The Traffic in Praise: Pindar and the Poetics of Social Economy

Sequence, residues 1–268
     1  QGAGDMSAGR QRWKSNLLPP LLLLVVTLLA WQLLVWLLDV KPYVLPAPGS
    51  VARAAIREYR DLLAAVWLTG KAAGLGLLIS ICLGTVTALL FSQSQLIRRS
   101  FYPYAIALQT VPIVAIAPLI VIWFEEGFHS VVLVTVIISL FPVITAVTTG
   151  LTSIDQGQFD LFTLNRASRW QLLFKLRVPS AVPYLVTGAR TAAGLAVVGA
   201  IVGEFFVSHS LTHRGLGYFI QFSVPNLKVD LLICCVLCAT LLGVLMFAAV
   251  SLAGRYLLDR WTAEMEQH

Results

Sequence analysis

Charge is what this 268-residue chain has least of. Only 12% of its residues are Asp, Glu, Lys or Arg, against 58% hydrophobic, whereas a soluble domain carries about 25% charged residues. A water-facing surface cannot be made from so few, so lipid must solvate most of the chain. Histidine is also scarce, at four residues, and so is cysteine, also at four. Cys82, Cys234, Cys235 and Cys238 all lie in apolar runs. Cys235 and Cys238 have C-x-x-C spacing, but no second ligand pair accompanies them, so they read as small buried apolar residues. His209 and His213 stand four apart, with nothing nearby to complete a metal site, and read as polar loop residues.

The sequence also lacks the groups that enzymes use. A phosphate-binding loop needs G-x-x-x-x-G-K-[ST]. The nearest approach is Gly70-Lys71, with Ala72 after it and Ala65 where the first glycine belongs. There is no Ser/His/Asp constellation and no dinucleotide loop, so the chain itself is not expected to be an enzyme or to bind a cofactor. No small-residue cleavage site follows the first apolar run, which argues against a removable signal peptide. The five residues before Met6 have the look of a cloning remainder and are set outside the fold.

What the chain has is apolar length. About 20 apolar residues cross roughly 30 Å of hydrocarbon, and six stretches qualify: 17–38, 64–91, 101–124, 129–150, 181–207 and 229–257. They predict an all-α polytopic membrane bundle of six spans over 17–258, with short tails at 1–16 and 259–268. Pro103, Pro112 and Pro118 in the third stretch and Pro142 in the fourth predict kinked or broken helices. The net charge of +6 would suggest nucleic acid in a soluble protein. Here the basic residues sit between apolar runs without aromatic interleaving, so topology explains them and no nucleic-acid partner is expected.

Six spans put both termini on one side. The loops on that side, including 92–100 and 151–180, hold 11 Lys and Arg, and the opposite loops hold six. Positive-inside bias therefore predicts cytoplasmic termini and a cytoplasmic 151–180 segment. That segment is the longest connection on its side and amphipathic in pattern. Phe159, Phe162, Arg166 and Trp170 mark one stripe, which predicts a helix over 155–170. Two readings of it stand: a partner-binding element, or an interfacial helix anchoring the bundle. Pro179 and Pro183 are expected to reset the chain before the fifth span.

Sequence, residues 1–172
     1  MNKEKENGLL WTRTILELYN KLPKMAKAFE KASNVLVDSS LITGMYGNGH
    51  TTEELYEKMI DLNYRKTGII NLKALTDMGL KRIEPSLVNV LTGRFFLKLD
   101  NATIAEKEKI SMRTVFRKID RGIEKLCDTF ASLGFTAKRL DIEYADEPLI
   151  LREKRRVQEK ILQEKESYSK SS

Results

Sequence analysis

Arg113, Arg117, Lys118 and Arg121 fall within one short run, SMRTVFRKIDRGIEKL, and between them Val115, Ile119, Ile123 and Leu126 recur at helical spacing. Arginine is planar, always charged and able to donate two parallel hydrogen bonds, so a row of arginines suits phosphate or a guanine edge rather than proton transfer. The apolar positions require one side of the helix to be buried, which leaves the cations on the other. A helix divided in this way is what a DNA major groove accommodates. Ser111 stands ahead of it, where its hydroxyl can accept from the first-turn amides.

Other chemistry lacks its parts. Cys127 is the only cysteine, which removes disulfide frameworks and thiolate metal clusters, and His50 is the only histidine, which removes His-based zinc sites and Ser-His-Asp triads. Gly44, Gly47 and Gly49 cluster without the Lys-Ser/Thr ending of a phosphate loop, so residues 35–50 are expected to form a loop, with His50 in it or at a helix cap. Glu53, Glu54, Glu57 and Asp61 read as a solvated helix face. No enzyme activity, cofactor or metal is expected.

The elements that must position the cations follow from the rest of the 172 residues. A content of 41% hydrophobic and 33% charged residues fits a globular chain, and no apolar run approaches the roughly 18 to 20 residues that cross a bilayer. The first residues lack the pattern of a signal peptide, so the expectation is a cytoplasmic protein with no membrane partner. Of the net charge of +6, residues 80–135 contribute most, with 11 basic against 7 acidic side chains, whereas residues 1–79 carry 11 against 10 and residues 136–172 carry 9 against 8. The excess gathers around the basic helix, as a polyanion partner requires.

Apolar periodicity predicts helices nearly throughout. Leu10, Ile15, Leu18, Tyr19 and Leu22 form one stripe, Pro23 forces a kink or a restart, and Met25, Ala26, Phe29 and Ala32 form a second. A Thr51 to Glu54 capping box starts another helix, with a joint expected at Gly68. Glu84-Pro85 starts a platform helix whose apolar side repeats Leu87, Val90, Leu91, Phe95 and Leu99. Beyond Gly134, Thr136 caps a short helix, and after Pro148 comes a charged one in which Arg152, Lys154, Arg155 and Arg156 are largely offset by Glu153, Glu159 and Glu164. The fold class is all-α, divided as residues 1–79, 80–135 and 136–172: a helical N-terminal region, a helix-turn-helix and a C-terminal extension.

Pindar’s epinikian odes were poems commissioned to celebrate athletic victories in the first half of the fifth century BCE. Drawing on the insights of interpretive anthropology and cultural history, Leslie Kurke investigates how the socially embedded genre of epinikion responded to a period of tremendous social and cultural change. Kurke examines the odes as public performances which enact the reintegration of the athletic victor into his heterogeneous communities. These communities—the victor’s household, his aristocratic class, and his city—represent competing, sometimes conflicting interests, which the epinikian poet must satisfy to accomplish his project of reintegration. Kurke considers in particular the different modes of exchange in which Pindar’s poetry participated: the symbolic economy of the household, gift exchange between aristocratic houses, and the workings of monetary exchange within the city. Her analysis produces an archaeology of Pindar’s poetry, exposing multiple systems of imagery that play on different shared cultural models to appeal to the various segments of the poet’s audience. The Traffic in Praise aims to provide new insight into Pindar’s poetry as well as into the conceptual world of archaic and classical Greece.